Yesterday, following church services, my family gathered in northeast Texas for Easter dinner. It was one of the few times my wife and kids have been in Texas for Easter, so it was a rare experience for the California Wallace’s. My family (along with my Texan sisters and brothers) attended church in the morning, and then gathered at my brother’s house for a meal. We did not, however, attend church together. We are divided between atheists, Christians and Mormons. While the Christians picked a church we could all attend together, the Mormons gathered at a local LDS ward. I found it interesting that none of the Christians chose to attend a ward, and none of the Mormons chose to attend a church. Easter reveals what we really believe about each other’s faith systems.
I bet most (if not all) of my Mormon family members would readily say, “We are Christians just like you.” But at Easter, the holiest of Christian holidays, Mormons and Christians are not united in religious identity or practice. While our family from California has been comfortable over the years attending church with our Methodist, Lutheran or Baptist relatives here in Texas, we’ve never chosen to attend a Mormon service. Similarly, our Mormon relatives never regularly choose to attend the church services of any of their Christian family members. Why are Christians comfortable crossing denominational lines on holidays, yet uncomfortable entering Mormon wards? Why are Mormons comfortable entering any available ward on a holiday, yet never think to enter into a Christian church (regardless of denomination)?
Despite what anyone may say about the similarities between Mormonism and Christianity, Mormons and Christians instinctively know the differences are insurmountable. We believe in two different kinds of Jesus, two different forms of salvation, two different versions of heaven and two different Gods. These differences define us in a way that is seen most clearly on important religious holidays like Easter. It’s not simply that our forms of religious expression are different (like the liturgical differences between denominations), it’s that we are worshipping a different God altogether. So while Christians of all denominations come together this Easter (in spite of our differing forms of worship or views on non-essential issues), our Mormon friends, neighbors and family members will most likely choose to worship apart from us. This was certainly true again for my family.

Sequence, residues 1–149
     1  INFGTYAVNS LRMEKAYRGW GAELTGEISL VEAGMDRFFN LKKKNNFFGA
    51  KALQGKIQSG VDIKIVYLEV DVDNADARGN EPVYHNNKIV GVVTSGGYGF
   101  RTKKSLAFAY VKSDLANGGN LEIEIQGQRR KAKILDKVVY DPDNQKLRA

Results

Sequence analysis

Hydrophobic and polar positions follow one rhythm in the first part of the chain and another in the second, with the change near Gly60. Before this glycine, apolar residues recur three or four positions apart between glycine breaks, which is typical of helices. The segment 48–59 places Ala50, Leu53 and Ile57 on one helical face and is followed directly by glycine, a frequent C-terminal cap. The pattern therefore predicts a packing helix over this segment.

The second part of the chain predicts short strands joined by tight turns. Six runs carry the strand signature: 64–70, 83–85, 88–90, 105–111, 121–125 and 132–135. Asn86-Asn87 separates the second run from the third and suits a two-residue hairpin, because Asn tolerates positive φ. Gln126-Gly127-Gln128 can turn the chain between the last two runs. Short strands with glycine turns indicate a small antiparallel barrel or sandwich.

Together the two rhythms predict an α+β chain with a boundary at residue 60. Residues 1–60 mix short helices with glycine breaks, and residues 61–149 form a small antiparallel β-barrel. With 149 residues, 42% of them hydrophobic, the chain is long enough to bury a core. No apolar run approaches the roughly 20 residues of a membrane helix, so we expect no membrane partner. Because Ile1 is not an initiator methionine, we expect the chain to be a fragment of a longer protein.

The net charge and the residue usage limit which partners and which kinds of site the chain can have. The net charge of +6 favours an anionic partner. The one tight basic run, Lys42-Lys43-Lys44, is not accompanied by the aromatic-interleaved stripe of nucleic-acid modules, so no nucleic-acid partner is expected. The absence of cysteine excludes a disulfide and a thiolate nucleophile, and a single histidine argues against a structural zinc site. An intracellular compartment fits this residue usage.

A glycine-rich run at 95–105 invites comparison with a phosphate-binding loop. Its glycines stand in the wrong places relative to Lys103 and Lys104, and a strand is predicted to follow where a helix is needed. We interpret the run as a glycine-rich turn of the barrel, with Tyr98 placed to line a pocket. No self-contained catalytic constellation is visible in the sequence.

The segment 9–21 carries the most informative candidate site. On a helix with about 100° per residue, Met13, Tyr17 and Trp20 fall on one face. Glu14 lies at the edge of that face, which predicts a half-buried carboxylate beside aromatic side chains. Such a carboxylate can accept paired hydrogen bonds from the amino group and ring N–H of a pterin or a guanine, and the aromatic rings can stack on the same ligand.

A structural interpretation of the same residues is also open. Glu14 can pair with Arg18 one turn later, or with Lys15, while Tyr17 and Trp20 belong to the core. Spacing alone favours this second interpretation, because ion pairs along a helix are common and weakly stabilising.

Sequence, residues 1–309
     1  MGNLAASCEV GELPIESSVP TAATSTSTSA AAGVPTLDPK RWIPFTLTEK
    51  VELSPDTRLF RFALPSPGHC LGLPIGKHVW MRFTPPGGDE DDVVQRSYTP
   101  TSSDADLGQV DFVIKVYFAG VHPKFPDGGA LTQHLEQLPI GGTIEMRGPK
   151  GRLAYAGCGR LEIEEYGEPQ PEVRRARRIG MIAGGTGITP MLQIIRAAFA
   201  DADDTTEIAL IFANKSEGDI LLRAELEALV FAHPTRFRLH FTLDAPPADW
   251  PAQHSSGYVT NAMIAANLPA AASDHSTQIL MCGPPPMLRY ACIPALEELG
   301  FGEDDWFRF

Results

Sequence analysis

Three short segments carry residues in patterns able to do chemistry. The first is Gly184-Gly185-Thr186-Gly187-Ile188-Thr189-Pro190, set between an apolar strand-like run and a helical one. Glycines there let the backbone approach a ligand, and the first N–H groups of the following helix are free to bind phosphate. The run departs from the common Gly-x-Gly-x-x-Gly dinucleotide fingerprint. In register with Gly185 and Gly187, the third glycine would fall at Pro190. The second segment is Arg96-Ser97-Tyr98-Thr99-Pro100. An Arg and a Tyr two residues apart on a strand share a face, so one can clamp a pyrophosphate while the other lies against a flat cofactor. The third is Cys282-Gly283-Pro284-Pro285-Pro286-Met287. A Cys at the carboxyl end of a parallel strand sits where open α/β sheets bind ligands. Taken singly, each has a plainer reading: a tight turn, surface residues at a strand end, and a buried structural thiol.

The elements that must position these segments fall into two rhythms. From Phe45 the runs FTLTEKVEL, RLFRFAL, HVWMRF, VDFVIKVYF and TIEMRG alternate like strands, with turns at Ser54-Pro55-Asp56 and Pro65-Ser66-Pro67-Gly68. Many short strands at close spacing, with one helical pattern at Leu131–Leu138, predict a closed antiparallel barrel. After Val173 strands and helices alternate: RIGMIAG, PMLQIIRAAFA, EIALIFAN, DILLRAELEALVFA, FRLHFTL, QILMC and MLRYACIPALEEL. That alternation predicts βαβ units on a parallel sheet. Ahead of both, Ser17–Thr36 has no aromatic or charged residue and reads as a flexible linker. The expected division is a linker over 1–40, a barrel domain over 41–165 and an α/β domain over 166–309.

We still love each other. We still respect each other. We still want to be together for a meal on Easter afternoon. But when we come together for dinner, we leave our religious differences at the door. We recognize these irreconcilable dissimilarities, despite what anyone might same about being a Christian. Easter reminds us of our distinct identities and insurmountable differences, whether we like to admit it or not.
For more information about the reliability of the New Testament gospels and the case for Christianity, please read Cold-Case Christianity: A Homicide Detective Investigates the Claims of the Gospels. This book teaches readers ten principles of cold-case investigations and applies these strategies to investigate the claims of the gospel authors. The book is accompanied by an eight-session Cold-Case Christianity DVD Set (and Participant’s Guide) to help individuals or small groups examine the evidence and make the case.
J. Warner Wallace is a Dateline featured Cold-Case Detective, Senior Fellow at the Colson Center for Christian Worldview, Adj. Professor of Christian Apologetics at Talbot School of Theology, Biola University, author of Cold-Case Christianity, God’s Crime Scene, and Forensic Faith, and creator of the Case Makers Academy for kids.
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